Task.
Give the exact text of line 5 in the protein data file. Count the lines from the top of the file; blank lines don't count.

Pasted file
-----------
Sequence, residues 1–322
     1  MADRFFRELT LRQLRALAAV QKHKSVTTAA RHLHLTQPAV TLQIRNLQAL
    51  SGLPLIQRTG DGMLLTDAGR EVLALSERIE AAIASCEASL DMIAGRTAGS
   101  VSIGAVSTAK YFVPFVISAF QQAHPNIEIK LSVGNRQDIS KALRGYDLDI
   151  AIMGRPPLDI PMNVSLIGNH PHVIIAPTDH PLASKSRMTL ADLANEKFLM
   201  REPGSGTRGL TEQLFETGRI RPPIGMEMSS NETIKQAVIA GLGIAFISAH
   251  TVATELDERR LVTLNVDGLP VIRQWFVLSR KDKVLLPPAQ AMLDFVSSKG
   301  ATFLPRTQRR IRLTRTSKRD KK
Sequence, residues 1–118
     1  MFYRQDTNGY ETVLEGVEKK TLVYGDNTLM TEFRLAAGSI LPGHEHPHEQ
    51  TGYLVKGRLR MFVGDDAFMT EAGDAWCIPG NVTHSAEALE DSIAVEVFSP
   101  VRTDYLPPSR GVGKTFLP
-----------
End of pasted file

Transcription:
   151  AIMGRPPLDI PMNVSLIGNH PHVIIAPTDH PLASKSRMTL ADLANEKFLM